Within the scope of environmental humanities, my own research revolves around the relatively recent emergence (since the eighties) of new forms of "ecologized" agriculture practices, in response to agro-environemental issues caused by the currentagricultural and economic systems.
I opted for a socio-anthropological approach, based on an ethnographical study of permaculture stakeholders, in two différent milieus (as defined by the geographer and philosopher Augustin Berque): Swiss Romandie and Japan. As the permaculture movement is enjoying nowadays a veritable international infatuation, it is a fertile ground for a socio-anthropological research. The dialectic between a global, international movement and its always idiosyncratic, localized implementation is interesting to capture through the lens of what the anthropologist Yoann Moreau calls a mesography (studying a specific milieu and analysing it by navigating through multiple scales from macro to micro).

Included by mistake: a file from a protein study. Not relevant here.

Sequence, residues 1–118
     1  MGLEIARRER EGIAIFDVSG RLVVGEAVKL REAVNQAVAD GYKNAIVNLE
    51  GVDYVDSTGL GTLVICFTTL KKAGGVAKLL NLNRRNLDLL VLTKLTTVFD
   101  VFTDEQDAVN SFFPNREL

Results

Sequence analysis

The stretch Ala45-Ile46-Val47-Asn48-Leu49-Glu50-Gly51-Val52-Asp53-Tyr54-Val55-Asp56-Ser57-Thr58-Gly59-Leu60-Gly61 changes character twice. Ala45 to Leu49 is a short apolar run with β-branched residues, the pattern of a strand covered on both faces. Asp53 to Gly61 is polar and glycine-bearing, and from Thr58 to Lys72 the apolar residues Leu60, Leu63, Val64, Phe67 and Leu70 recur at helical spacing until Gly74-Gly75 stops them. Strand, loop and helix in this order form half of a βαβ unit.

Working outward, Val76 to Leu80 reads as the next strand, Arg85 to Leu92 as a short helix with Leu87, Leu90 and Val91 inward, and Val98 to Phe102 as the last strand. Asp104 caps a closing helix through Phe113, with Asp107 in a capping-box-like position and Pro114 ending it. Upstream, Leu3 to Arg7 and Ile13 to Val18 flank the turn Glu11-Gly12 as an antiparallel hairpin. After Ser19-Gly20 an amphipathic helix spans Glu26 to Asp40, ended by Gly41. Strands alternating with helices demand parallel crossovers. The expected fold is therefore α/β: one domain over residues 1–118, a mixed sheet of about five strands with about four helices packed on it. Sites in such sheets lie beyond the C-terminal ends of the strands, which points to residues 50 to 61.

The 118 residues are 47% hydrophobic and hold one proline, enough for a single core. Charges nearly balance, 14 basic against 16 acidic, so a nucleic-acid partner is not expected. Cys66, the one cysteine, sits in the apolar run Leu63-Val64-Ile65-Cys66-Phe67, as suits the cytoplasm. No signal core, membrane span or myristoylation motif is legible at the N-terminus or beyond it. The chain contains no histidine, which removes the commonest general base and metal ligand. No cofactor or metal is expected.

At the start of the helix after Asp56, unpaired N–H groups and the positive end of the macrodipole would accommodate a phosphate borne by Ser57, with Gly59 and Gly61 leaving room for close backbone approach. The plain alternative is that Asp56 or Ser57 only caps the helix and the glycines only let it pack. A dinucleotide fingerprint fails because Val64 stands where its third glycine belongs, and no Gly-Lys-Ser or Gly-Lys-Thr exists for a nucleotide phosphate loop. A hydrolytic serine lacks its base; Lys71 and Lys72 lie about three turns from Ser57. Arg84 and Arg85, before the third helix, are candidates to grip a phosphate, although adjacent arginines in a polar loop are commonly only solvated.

One of the objectives of this research is to mobilize Berque's mesology to understand the emergence of permaculture as not only a more ecological way of practicing agriculture, but also as another ontology. By changing the way it cultivates the earth, is permaculture also sketching out another vision of human's role on earth, and another vision on earth's role on humans?